15.1 Least Squares as a Maximum Likelihood Estimator 659 fact that, for real data, the normal distribution is often rather poorly realized, if it is realized at all. We are often taught, rather casually, that, on average, measurements will fall within ±σ of the true value 68 percent of the time, within ±2σ 95 percent of the time, and within ±3σ 99.7 percent of the time. Extending this, one would expect a measurement to be off by ±20σ only one time out of 2 × 1088 . We all know that “glitches” are much more likely than that! visit website http://www.nr.com or call 18008727423 (North America only),or send email to trade@cup.cam.ac.uk (outside North America). readable files (including this one) to any servercomputer, is strictly prohibited. To order Numerical Recipes books,diskettes, or CDROMs Permission is granted for internet users to make one paper copy for their own personal use. Further reproduction, or any copying of machine Copyright (C) 19881992 by Cambridge University Press.Programs Copyright (C) 19881992 by Numerical Recipes Software. Sample page from NUMERICAL RECIPES IN C: THE ART OF SCIENTIFIC COMPUTING (ISBN 0521431085) In some instances, the deviations from a normal distribution are easy to understand and quantify. For example, in measurements obtained by counting events, the measurement errors are usually distributed as a Poisson distribution, whose cumulative probability function was already discussed in §6.2. When the number of counts going into one data point is large, the Poisson distribution converges towards a Gaussian. However, the convergence is not uniform when measured in fractional accuracy. The more standard deviations out on the tail of the distribution, the larger the number of counts must be before a value close to the Gaussian is realized. The sign of the effect is always the same: The Gaussian predicts that “tail” events are much less likely than they actually (by Poisson) are. This causes such events, when they occur, to skew a leastsquares ﬁt much more than they ought. Other times, the deviations from a normal distribution are not so easy to understand in detail. Experimental points are occasionally just way off. Perhaps the power ﬂickered during a point’s measurement, or someone kicked the apparatus, or someone wrote down a wrong number. Points like this are called outliers. They can easily turn a leastsquares ﬁt on otherwise adequate data into nonsense. Their probability of occurrence in the assumed Gaussian model is so small that the maximum likelihood estimator is willing to distort the whole curve to try to bring them, mistakenly, into line. The subject of robust statistics deals with cases where the normal or Gaussian model is a bad approximation, or cases where outliers are important. We will discuss robust methods brieﬂy in §15.7. All the sections between this one and that one assume, one way or the other, a Gaussian model for the measurement errors in the data. It it quite important that you keep the limitations of that model in mind, even as you use the very useful methods that follow from assuming it. Finally, note that our discussion of measurement errors has been limited to statistical errors, the kind that will average away if we only take enough data. Measurements are also susceptible to systematic errors that will not go away with any amount of averaging. For example, the calibration of a metal meter stick might depend on its temperature. If we take all our measurements at the same wrong temperature, then no amount of averaging or numerical processing will correct for this unrecognized systematic error. ChiSquare Fitting We considered the chisquare statistic once before, in §14.3. Here it arises in a slightly different context. If each data point (xi , yi ) has its own, known standard deviation σi , then equation (15.1.3) is modiﬁed only by putting a subscript i on the symbol σ. That subscript also propagates docilely into (15.1.4), so that the maximum likelihood
 660 Chapter 15. Modeling of Data estimate of the model parameters is obtained by minimizing the quantity N 2 yi − y(xi ; a1 . . . aM ) χ2 ≡ (15.1.5) σi i=1 called the “chisquare.” visit website http://www.nr.com or call 18008727423 (North America only),or send email to trade@cup.cam.ac.uk (outside North America). readable files (including this one) to any servercomputer, is strictly prohibited. To order Numerical Recipes books,diskettes, or CDROMs Permission is granted for internet users to make one paper copy for their own personal use. Further reproduction, or any copying of machine Copyright (C) 19881992 by Cambridge University Press.Programs Copyright (C) 19881992 by Numerical Recipes Software. Sample page from NUMERICAL RECIPES IN C: THE ART OF SCIENTIFIC COMPUTING (ISBN 0521431085) To whatever extent the measurement errors actually are normally distributed, the quantity χ2 is correspondingly a sum of N squares of normally distributed quantities, each normalized to unit variance. Once we have adjusted the a1 . . . aM to minimize the value of χ2 , the terms in the sum are not all statistically independent. For models that are linear in the a’s, however, it turns out that the probability distribution for different values of χ2 at its minimum can nevertheless be derived analytically, and is the chisquare distribution for N − M degrees of freedom. We learned how to compute this probability function using the incomplete gamma function gammq in §6.2. In particular, equation (6.2.18) gives the probability Q that the chisquare should exceed a particular value χ2 by chance, where ν = N − M is the number of degrees of freedom. The quantity Q, or its complement P ≡ 1 − Q, is frequently tabulated in appendices to statistics books, but we generally ﬁnd it easier to use gammq and compute our own values: Q = gammq (0.5ν, 0.5χ2). It is quite common, and usually not too wrong, to assume that the chisquare distribution holds even for models that are not strictly linear in the a’s. This computed probability gives a quantitative measure for the goodnessofﬁt of the model. If Q is a very small probability for some particular data set, then the apparent discrepancies are unlikely to be chance ﬂuctuations. Much more probably either (i) the model is wrong — can be statistically rejected, or (ii) someone has lied to you about the size of the measurement errors σi — they are really larger than stated. It is an important point that the chisquare probability Q does not directly measure the credibility of the assumption that the measurement errors are normally distributed. It assumes they are. In most, but not all, cases, however, the effect of nonnormal errors is to create an abundance of outlier points. These decrease the probability Q, so that we can add another possible, though less deﬁnitive, conclusion to the above list: (iii) the measurement errors may not be normally distributed. Possibility (iii) is fairly common, and also fairly benign. It is for this reason that reasonable experimenters are often rather tolerant of low probabilities Q. It is not uncommon to deem acceptable on equal terms any models with, say, Q > 0.001. This is not as sloppy as it sounds: Truly wrong models will often be rejected with vastly smaller values of Q, 10−18, say. However, if dayin and dayout you ﬁnd yourself accepting models with Q ∼ 10−3 , you really should track down the cause. If you happen to know the actual distribution law of your measurement errors, then you might wish to Monte Carlo simulate some data sets drawn from a particular model, cf. §7.2–§7.3. You can then subject these synthetic data sets to your actual ﬁtting procedure, so as to determine both the probability distribution of the χ2 statistic, and also the accuracy with which your model parameters are reproduced by the ﬁt. We discuss this further in §15.6. The technique is very general, but it can also be very expensive. At the opposite extreme, it sometimes happens that the probabilityQ is too large, too near to 1, literally too good to be true! Nonnormal measurement errors cannot in general produce this disease, since the normal distribution is about as “compact”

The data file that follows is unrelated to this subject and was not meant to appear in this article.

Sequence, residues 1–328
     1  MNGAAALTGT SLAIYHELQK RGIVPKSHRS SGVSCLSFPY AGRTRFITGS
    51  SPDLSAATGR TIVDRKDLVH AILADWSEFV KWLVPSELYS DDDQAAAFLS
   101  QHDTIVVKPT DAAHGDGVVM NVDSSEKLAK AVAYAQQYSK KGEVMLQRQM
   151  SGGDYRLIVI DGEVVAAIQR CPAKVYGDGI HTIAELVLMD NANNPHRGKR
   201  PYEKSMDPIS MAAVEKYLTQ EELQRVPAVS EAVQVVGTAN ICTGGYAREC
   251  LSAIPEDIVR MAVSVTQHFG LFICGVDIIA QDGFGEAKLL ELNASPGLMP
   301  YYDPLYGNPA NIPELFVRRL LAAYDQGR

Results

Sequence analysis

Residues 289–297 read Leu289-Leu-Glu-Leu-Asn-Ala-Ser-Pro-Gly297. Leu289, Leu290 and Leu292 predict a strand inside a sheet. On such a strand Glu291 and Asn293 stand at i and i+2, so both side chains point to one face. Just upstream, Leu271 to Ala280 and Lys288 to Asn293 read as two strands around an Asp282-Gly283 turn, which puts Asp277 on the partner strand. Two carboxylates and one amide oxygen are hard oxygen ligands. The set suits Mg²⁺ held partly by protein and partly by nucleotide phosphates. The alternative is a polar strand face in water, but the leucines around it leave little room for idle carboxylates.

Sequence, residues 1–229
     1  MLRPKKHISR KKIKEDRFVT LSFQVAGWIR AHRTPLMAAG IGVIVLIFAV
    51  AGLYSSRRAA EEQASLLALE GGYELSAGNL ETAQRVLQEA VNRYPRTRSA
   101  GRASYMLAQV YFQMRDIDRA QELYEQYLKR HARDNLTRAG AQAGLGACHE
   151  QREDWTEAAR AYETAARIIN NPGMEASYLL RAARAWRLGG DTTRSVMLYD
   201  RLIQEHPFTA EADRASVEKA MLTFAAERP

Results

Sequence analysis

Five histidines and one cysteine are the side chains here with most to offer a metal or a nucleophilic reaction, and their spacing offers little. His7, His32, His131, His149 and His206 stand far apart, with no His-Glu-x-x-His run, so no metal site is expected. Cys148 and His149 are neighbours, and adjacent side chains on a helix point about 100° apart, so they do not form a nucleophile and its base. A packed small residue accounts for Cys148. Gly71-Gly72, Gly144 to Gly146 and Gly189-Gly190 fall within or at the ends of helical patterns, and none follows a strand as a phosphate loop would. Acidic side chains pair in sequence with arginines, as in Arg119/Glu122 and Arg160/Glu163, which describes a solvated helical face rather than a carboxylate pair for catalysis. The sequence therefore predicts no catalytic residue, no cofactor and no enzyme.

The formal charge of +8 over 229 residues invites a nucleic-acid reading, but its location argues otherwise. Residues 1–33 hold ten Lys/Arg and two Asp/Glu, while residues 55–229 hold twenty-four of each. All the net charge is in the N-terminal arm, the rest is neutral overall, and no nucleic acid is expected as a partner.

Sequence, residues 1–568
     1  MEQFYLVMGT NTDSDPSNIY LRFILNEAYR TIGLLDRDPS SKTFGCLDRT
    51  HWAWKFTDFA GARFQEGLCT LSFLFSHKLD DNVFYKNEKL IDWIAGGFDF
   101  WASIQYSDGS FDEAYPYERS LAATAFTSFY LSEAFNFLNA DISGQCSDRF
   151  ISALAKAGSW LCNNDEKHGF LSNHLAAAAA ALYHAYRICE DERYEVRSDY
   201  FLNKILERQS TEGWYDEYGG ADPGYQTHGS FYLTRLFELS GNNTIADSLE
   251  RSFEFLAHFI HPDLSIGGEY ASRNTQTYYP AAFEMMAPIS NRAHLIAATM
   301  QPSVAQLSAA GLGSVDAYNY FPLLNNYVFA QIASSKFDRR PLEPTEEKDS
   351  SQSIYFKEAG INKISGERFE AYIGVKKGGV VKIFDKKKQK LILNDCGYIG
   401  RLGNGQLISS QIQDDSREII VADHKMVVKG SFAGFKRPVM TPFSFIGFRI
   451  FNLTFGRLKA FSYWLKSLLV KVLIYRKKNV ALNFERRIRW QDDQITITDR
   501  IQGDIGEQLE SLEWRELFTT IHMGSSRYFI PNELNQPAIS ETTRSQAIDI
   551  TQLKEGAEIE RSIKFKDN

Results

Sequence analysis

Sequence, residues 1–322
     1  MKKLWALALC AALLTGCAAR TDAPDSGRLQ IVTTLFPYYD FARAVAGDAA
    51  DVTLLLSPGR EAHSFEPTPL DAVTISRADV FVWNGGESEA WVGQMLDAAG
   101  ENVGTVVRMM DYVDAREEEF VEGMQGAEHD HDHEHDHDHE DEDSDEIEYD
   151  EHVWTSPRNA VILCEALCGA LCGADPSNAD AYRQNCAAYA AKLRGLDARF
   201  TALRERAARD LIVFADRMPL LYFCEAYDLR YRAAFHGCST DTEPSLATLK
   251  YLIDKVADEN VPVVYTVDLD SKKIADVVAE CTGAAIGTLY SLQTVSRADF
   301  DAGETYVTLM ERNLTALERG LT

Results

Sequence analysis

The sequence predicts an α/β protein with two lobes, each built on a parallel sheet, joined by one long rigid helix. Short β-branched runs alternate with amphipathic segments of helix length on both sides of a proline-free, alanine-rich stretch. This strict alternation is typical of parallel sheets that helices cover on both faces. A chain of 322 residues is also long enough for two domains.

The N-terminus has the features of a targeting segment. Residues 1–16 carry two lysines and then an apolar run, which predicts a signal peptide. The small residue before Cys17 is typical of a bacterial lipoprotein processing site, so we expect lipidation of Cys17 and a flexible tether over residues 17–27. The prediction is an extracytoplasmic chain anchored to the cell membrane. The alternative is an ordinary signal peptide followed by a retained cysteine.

15.2 Fitting Data to a Straight Line 661 as a distribution can be. Almost always, the cause of too good a chisquare ﬁt is that the experimenter, in a “ﬁt” of conservativism, has overestimated his or her measurement errors. Very rarely, too good a chisquare signals actual fraud, data that has been “fudged” to ﬁt the model. A rule of thumb is that a “typical” value of χ2 for a “moderately” good ﬁt is χ ≈ ν. More precise is the statement that the χ2 statistic has a mean ν and a standard 2 √ visit website http://www.nr.com or call 18008727423 (North America only),or send email to trade@cup.cam.ac.uk (outside North America). readable files (including this one) to any servercomputer, is strictly prohibited. To order Numerical Recipes books,diskettes, or CDROMs Permission is granted for internet users to make one paper copy for their own personal use. Further reproduction, or any copying of machine Copyright (C) 19881992 by Cambridge University Press.Programs Copyright (C) 19881992 by Numerical Recipes Software. Sample page from NUMERICAL RECIPES IN C: THE ART OF SCIENTIFIC COMPUTING (ISBN 0521431085) deviation 2ν, and, asymptotically for large ν, becomes normally distributed. In some cases the uncertainties associated with a set of measurements are not known in advance, and considerations related to χ2 ﬁtting are used to derive a value for σ. If we assume that all measurements have the same standard deviation, σi = σ, and that the model does ﬁt well, then we can proceed by ﬁrst assigning an arbitrary constant σ to all points, next ﬁtting for the model parameters by minimizing χ2 , and ﬁnally recomputing N σ2 = [yi − y(xi )]2 /(N − M ) (15.1.6) i=1 Obviously, this approach prohibits an independent assessment of goodnessofﬁt, a fact occasionally missed by its adherents. When, however, the measurement error is not known, this approach at least allows some kind of error bar to be assigned to the points. If we take the derivative of equation (15.1.5) with respect to the parameters ak , we obtain equations that must hold at the chisquare minimum, N yi − y(xi ) ∂y(xi ; . . . ak . . .) 0= 2 k = 1, . . . , M (15.1.7) σi ∂ak i=1 Equation (15.1.7) is, in general, a set of M nonlinear equations for the M unknown ak . Various of the procedures described subsequently in this chapter derive from (15.1.7) and its specializations. CITED REFERENCES AND FURTHER READING: Bevington, P.R. 1969, Data Reduction and Error Analysis for the Physical Sciences (New York: McGrawHill), Chapters 1–4. von Mises, R. 1964, Mathematical Theory of Probability and Statistics (New York: Academic Press), §VI.C. [1] 15.2 Fitting Data to a Straight Line A concrete example will make the considerations of the previous section more meaningful. We consider the problem of ﬁtting a set of N data points (xi , yi ) to a straightline model y(x) = y(x; a, b) = a + bx (15.2.1)